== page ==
“The real issue is whether this system of privately owned rental housing can work in the long run or if we need to shift to a publicly funded system. Our local and federal governments need to take responsibility for understanding how much housing is needed, how many people need it, and then build that housing and subsidize it so people with the lowest income can afford it.”

In the meantime, Malone believes, more use must be made of hotel and motel properties that remain largely vacant. “As a community we should make far more use of hotels that are consistently underoccupied,” he says. “We should refuse to go back to the status quo of cramming people into crowded congregate emergency shelters. They work against their purpose, which is to keep people safe and healthy.”

Editor’s Note: This article has been updated as comments made by Steve Berg, vice president for policy and programs at the National Alliance to End Homelessness (NAEH), were initially attributed to another NAEH representative. Shelterforce apologizes for the error.

Nicole Martinez is a writer and editor based in Miami, dissecting the intersection of culture and placemaking.

21 COMMENTS

  1. The benefits individualized housing provides are no surprise, and it’s good to finally have the data to demonstrate these realities so plainly. In order for people to heal and thrive, they need safety, privacy, and dignity. To go back to congregate housing would be a true disservice to our fellow humans, when we’ve seen how much better things can be. And as far as cost? The cost of providing inadequate service and perpetuating unhealthy cycles far outweighs the cost of truly supporting individuals, individuals who can then go on to strengthen our communities and multiply that good.

  2. Success requires more than housing.

    Psychologists such as Albert Bandura et al report that social behaviors are learned as they are modeled; and, in adults, self-efficacy (i.e. motivation) is central to self-actualization. Couple Bandura with Abraham Maslow’s pyramid of which the pinnacle is self-actualization and the foundation is basic physiological needs (shelter, food, safety). Therefore, it follows that housing and meeting basic needs are an essential first step (doing “for” others); however, attaining self actualization requires modeling of social norms coupled with motivation/determination by participants (tempered by boundary appropriate doing “with” others).

    In other words, for those housed in hotels to attain self-actualization (secure and afford their own housing), they must be motivated to climb Maslow’s mountain “with” the model/coaches as Bandura asserts.

    Successfully ending homelessness requires more than housing. Its a climb aided by the principles and practices of Maslow and Bandura.

  3. To whome it may concern, My family agrees with the subject of individualized housing. But the reason why is naturally since we are homeless no not in a homeless shelter..that would at least emply we were housed somewhere wouldn’t it? No,literally on a curb,homeless. It has been said there are no shelters in or near our area but we know that the gov.or other help agencies are said to supply hotel voucher assistance so have checked on Such claims with said agencies more than once only to be told no they don’t or aren’t. Then I find such reports and articals as these when seeking further help only to end up confused as to why it’s all over the web but not playing out for us when checking its validatey with local offices. Is the idea of sheltering homeless in hotels just a scam or is my family being lied to and discriminated against? If it is real then who is in charge of making sure families or individuals get helped properly? I informed our local offices of our whole situation and was given housing numbers instead of hotel sheltering or even any homeless sheltering information. 2-1-1 was helpful in informing housing wouldn’t be helpful to us when in need of emergency homeless assistance..though I was aware since my family lived in housing several yrs before becoming homeless. I asked for voucher assistance directly with stating homelessness and was turned away with claims they don’t do it. What now?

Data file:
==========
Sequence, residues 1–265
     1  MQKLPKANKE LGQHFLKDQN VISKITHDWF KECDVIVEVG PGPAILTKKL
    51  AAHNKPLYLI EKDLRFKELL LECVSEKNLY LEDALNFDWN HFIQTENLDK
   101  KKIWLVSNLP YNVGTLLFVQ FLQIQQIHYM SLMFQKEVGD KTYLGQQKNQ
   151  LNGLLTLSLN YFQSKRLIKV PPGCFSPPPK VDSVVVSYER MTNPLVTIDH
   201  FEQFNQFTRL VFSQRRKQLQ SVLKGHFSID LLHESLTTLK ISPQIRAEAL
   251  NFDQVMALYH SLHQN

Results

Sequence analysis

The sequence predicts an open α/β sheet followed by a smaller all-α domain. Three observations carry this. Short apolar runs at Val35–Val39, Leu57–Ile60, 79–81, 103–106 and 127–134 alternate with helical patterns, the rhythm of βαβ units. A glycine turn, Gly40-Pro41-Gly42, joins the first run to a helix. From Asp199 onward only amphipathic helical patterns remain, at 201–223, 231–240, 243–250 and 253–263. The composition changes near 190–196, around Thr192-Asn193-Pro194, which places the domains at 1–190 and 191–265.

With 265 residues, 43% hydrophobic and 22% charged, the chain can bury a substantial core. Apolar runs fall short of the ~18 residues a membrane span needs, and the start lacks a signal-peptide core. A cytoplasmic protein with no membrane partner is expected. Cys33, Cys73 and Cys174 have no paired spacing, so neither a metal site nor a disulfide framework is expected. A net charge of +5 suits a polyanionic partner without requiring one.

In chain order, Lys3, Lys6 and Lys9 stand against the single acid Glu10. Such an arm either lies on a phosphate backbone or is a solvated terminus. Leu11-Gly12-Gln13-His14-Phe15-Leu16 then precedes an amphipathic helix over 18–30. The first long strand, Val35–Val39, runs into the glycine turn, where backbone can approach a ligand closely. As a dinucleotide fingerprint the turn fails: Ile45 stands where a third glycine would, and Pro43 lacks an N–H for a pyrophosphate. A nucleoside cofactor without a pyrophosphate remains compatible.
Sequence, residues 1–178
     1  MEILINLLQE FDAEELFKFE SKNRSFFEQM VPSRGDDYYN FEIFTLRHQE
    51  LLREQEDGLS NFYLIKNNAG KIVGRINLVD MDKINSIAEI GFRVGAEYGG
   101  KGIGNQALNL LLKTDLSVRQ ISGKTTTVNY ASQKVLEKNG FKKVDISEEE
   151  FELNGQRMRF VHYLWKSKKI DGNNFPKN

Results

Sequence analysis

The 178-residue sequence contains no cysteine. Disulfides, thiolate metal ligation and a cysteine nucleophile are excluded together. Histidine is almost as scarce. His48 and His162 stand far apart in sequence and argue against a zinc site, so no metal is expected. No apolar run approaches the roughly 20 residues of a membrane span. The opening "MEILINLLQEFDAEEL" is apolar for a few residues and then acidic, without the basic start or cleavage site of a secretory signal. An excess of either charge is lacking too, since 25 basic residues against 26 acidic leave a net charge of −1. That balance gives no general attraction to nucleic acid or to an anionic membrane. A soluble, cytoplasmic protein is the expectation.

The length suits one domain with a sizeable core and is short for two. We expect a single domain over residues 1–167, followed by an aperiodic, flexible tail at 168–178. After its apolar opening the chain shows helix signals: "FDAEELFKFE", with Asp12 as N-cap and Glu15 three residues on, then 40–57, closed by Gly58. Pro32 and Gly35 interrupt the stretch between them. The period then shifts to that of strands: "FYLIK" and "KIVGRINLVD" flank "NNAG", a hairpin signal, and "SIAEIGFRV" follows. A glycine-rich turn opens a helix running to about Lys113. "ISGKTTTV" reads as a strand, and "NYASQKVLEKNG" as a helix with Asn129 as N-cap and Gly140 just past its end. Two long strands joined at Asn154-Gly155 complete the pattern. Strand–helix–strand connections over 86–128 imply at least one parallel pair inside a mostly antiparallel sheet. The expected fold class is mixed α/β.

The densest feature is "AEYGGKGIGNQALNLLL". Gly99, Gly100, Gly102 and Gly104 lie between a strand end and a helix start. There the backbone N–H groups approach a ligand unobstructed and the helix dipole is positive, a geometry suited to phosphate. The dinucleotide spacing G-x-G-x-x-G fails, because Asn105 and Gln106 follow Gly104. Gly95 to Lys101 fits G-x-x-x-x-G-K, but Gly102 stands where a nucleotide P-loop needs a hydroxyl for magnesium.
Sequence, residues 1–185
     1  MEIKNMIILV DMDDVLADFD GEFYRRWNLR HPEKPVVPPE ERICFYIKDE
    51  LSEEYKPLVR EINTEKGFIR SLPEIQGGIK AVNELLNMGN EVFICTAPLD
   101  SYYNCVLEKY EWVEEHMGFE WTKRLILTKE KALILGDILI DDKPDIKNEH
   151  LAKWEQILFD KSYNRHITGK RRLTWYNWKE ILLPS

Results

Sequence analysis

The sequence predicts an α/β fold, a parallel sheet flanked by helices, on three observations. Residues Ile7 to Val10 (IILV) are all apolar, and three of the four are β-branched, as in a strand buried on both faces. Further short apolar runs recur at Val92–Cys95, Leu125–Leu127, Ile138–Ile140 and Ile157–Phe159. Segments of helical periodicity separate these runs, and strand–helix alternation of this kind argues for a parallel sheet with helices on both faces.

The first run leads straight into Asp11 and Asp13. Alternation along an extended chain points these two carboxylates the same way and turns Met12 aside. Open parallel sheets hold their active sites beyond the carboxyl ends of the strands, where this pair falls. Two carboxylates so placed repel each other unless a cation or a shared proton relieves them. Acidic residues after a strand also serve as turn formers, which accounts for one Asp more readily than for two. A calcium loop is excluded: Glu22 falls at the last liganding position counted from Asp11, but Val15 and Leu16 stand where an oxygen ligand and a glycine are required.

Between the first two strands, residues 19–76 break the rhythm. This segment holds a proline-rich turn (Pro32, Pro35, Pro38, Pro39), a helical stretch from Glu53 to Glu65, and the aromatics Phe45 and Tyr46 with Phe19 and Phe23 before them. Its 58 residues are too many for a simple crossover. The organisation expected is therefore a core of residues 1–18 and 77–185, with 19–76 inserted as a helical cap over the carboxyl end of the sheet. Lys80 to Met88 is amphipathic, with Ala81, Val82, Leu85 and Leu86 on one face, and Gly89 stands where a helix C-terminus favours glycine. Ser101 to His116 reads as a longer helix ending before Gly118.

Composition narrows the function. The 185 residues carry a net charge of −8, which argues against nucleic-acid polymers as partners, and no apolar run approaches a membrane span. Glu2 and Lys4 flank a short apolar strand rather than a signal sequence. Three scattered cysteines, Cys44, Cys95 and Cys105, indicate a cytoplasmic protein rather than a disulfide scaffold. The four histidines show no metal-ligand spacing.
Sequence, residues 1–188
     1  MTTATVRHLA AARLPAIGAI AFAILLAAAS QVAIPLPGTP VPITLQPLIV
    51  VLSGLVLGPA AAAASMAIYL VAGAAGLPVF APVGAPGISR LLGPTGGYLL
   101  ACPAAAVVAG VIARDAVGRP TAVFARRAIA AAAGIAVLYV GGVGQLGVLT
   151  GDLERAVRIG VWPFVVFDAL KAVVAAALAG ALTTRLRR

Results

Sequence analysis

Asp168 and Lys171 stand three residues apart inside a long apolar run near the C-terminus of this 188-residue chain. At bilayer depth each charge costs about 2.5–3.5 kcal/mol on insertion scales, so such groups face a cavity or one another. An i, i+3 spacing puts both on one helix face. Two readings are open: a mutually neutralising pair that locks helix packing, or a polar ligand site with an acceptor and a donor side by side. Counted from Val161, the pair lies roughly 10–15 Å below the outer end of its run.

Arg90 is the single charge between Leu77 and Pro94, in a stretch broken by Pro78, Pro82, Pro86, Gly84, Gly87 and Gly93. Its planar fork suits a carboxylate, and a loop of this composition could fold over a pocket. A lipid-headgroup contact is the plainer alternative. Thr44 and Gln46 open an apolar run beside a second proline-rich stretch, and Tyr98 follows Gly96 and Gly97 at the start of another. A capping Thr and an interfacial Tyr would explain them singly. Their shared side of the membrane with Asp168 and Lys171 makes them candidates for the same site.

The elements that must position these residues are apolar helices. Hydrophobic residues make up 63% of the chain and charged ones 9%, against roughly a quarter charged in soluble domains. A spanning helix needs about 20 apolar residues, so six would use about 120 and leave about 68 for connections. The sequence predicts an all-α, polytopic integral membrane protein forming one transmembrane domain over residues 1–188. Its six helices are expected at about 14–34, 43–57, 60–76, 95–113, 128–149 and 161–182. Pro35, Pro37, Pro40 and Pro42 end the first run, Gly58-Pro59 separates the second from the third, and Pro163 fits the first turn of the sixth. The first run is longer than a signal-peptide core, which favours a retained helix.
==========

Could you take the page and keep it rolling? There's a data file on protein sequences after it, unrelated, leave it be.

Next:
4. Jennifer & Dylan could not have put it any clearer. My 71 year old mother and I are living out of a car. Every place we have called is either only helping women who have been abused, individuals with drug or alcohol abuse, or veterans. People who are homeless and have nothing else going on are basically left on the streets. The vouchers do not exist. I was given the number for our Congress woman Kathy Castor and told to call her because she always helps out the homeless and helps them get vouchers for hotels only to be told directly by her that unfortunately they are currently focused on the veterans right now. I have absolutely nothing against helping those in need because now I find myself in need as well, however singling certain people out is a type of discrimination. People in need are people in need no matter what you are going through. Whether you have an abuse problem or not, whether you are served are country or not. It is the sad truth and especially during this pandemic. One other point I would like to make, Is that other counties should help other counties at this time. I live in Hillsborough and have been refused help from Pinellas and Pasco for not being resident there for at least 6 months. These are tough times unity people. I have a 7 year old son that I waited for 6 years to hold in my arms and due to my circumstances he is not full time with my ex husband. I miss him to death. How do I explain to him that his momma is living in a car and he can’t come see her? We all need help.